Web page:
Argon: From the Greek word αργον, neut. of αργος [argos] "idle," from α- "without" + εργον "work." = lazy, inactive. LinkArgon is not completely inert. Voracious hydrogen fluoride coaxes some electronic juice out of it, but the two stay coupled only when frozen. Moving further down to krypton and especially to xenon, there is an increasing willingness to redistribute electrons among the noble gas atoms, a consequence of their electronic wealth being more remote from their core and thus more easily removed.
Argon makes up nearly 1 percent of the atmosphere, making it almost 25 times more abundant than carbon dioxide, that vile and evil greenhouse gas. So why is lazy and shiftless argon not implicated in global warming? For that matter, why isn't air itself (N2 and O2) blamed? And why is good ol' water vapor given a pass by the warmists? Those questions have both easy and inconvenient answers.
Greenhouse gases are invisible but retain heat. Argon, being just an atom, never quivers internally, which is how gas molecules absorb and trap heat. So argon has no real greenhouse gas capacity. Nitrogen and oxygen also absorb little heat, even though there are trillions and trillions tons more of them up there. Carbon dioxide absorbs infra red radiation (heat), the sine qua non signature of a greenhouse gas. But water vapor is not only a "better" greenhouse gas than carbon dioxide is--there are also many tons more of it in the sky! (methane is even better than water at greenhouse gassing, but there is so little methane in the air that the point is moot).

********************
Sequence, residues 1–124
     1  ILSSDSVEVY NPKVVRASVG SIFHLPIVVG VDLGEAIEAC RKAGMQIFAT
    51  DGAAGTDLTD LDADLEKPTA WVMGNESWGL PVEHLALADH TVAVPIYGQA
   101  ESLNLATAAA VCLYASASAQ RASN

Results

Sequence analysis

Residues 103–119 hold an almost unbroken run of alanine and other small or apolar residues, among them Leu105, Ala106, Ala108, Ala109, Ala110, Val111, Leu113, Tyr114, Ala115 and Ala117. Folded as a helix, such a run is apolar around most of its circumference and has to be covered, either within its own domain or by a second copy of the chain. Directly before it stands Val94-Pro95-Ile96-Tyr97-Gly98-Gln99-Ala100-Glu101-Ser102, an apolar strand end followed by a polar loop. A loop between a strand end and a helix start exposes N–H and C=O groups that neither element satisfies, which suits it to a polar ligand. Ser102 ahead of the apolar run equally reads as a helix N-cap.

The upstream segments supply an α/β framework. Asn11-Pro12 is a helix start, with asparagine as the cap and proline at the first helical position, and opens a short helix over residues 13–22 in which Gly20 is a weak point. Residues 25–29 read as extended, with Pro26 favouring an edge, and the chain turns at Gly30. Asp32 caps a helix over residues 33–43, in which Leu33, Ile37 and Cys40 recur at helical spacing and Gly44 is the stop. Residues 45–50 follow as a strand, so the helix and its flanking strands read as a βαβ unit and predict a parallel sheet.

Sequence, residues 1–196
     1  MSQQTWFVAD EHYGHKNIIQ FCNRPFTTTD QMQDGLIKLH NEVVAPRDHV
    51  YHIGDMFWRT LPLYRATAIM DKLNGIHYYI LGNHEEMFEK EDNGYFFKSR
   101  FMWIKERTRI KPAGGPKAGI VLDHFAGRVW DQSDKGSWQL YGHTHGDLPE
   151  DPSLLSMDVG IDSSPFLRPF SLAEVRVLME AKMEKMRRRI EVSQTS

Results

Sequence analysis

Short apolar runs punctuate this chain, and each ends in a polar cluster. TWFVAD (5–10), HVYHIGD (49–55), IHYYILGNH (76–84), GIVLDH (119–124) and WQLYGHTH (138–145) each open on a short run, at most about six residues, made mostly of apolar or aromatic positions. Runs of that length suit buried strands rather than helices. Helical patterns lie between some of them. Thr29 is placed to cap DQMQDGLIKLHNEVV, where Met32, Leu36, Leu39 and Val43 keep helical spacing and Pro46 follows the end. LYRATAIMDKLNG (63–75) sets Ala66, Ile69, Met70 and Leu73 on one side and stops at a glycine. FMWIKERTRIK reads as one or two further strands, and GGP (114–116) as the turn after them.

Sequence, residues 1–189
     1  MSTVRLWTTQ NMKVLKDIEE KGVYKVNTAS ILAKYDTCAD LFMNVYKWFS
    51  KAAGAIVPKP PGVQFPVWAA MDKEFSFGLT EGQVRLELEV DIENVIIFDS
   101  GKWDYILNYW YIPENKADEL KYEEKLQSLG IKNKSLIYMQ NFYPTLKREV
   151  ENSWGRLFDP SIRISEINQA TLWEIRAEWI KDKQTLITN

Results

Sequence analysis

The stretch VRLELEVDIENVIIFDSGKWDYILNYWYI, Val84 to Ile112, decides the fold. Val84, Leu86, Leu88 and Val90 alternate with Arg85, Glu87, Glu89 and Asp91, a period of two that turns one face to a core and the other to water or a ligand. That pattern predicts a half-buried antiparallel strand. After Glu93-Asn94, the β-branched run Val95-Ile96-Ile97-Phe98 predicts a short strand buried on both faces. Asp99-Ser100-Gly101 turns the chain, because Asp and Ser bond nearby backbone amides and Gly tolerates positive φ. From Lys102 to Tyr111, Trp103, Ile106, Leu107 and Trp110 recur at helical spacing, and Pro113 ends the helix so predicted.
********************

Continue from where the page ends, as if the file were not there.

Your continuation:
So water vapor is by far the most important greenhouse gas. But water vapor also makes clouds which reflect sunlight. That makes clouds the white elephant in the room that the warmists don't really like to talk about. Back in the old days, when environmentalism wasn't so fixated on carbon dioxide, things were more fair and balanced:
If large amounts of carbon dioxide enter the air, then it is quite obvious that a rise in worldwide temperature could result, bringing about the the melting of the polar ice caps. However, an increase in temperatures would also lead to an increased rate of evaporation; with more water vapor in the air, cloudiness would increase. This in turn would mean an increase in reflectivity of insolation, so that less of the sun's energy would reach the earth. The lower temperatures that would result could eventually produce another ice age. Thus we are left with the perplexing thought that increased pollution could cause either a glacial invasion or a worldwide rise in sea levels that could inundate millions of miles of dry land presently in use.
Burrus, T.L; Spiegel, H.J. Earth In Crisis: An Introduction To The Earth Sciences: C. V. Mosby Company: St Louis, 1976Talk about putting a damper on global warming.